In a typical multiple-chambered, tube-outlet muffler for a small combustion engine, exhaust gases and noise enter the muffler through a conduit attached to the cylinder block. The noise is directed into a resonating chamber, where the noise isdissipated. Typically, the chamber walls are formed from the muffler housing and internal separators or baffles. The separators are perforated, such that exhaust gases and noise pass through the perforations into another chamber of the muffler, wherethe noise is further dissipated. Exhaust gases exit the muffler through the outlet tube. Other mufflers use a perforate outlet formed from a series of perforations in the muffler housing.

SUMMARY

One embodiment of the invention relates to a muffler for an internal combustion engine including a first shell includes a flexible portion, an intake conduit, and a second shell coupled to the first shell. The intake conduit extends outwardlyfrom the first shell and is configured to be inserted into an exhaust port of an engine. The flexible portion surrounds the intake conduit. Upon attachment to the engine, compression force is stored via elastic deflection of the flexible portion of thefirst shell, thereby pressing the intake conduit into the exhaust port such that a seal is formed.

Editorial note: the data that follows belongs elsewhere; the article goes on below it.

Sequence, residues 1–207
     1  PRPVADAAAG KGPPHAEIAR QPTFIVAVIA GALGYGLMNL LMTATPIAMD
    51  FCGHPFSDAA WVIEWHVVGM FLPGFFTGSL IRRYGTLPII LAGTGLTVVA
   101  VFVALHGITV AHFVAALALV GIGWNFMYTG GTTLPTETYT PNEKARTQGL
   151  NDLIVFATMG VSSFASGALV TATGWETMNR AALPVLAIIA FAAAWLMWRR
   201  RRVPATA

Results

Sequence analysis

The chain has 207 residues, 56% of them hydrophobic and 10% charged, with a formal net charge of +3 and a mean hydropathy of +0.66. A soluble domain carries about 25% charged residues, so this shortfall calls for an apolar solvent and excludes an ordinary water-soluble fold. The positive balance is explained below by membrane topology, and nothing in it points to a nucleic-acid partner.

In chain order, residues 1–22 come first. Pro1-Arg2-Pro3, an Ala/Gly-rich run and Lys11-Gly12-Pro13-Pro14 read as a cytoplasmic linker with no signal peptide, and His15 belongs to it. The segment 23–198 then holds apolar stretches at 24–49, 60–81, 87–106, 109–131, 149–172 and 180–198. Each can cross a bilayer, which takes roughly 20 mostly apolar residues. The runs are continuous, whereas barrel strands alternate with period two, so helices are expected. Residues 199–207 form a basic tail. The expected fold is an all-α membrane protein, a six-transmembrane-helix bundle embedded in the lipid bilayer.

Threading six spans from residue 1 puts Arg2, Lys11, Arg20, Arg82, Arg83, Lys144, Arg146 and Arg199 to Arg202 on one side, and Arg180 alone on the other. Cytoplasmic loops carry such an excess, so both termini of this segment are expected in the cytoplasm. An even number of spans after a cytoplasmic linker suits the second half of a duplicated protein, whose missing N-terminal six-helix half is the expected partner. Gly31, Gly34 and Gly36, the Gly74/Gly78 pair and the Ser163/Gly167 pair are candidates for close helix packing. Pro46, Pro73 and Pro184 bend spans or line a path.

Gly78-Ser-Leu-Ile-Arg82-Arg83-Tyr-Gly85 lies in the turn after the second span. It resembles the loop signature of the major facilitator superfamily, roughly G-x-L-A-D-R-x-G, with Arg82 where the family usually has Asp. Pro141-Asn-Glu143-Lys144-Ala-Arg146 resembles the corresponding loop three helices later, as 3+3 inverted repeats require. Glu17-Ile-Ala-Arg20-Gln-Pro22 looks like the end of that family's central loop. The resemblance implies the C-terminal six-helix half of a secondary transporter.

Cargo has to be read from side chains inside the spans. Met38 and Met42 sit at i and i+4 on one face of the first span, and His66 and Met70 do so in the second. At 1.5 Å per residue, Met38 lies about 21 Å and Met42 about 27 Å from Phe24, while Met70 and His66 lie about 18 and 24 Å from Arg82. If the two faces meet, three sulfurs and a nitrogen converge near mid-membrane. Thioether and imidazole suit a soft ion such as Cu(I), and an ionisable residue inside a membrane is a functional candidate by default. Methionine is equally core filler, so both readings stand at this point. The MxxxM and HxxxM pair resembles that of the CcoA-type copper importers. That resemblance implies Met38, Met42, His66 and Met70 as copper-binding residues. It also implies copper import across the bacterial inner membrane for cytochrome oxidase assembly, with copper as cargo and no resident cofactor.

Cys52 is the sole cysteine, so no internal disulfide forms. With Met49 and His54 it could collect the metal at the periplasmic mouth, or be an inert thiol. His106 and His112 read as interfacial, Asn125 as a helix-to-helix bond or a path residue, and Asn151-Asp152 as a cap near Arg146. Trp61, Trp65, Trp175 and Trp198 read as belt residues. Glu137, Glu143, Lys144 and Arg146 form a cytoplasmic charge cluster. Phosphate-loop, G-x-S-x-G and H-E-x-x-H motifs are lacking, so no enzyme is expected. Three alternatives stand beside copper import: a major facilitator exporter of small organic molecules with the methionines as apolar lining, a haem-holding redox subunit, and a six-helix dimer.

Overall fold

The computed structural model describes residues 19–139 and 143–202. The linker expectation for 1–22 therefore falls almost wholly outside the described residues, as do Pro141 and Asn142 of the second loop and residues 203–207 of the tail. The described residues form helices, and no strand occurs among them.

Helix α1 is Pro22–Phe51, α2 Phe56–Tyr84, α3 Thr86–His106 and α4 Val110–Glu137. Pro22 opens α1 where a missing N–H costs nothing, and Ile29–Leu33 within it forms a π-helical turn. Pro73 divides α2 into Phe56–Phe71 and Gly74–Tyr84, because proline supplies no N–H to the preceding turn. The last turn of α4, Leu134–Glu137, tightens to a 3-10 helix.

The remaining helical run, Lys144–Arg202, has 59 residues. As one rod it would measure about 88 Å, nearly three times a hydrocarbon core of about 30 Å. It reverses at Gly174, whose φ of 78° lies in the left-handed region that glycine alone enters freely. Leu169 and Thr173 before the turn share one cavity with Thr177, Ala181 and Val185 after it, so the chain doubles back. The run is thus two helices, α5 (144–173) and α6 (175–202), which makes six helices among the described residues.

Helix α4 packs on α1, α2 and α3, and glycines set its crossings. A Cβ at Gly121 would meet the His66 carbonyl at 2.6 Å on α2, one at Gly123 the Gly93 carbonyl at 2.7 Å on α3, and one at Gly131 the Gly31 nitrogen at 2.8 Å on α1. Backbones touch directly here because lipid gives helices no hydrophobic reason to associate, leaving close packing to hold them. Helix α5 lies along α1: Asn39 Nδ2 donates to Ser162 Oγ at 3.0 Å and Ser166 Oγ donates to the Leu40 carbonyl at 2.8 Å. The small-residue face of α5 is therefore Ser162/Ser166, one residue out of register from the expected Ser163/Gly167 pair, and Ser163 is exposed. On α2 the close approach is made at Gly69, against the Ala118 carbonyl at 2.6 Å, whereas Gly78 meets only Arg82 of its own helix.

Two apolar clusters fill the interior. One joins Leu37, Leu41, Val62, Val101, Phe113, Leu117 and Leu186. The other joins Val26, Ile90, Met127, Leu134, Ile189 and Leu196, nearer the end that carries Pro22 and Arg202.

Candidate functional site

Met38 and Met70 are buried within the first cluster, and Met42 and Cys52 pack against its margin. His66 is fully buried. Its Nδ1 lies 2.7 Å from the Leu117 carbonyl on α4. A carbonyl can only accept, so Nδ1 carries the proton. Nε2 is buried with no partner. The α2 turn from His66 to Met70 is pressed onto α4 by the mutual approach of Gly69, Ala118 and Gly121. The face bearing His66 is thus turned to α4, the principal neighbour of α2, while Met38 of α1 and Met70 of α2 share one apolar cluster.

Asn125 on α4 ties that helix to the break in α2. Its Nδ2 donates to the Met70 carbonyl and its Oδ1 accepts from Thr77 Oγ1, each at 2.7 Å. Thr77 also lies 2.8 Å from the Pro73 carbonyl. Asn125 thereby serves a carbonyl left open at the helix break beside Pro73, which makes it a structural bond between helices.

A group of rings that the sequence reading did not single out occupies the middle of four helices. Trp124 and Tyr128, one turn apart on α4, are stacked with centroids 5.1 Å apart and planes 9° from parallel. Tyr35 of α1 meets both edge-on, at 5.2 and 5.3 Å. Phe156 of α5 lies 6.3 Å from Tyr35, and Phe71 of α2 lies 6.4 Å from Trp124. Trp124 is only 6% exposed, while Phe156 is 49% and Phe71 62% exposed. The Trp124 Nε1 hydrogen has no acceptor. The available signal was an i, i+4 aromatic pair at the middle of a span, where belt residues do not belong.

Another embodiment of the invention relates to an engine including a muffler including an intake conduit extending therefrom, an exhaust port formed in at least one of a cylinder head and a cylinder block, the intake conduit of the mufflercoupled to the exhaust port, a boss extending outwardly from the cylinder head or the cylinder block and spaced apart from the exhaust port, and a fastener coupling the muffler to the boss such that the boss provides a separation between the muffler andthe cylinder head or the cylinder block.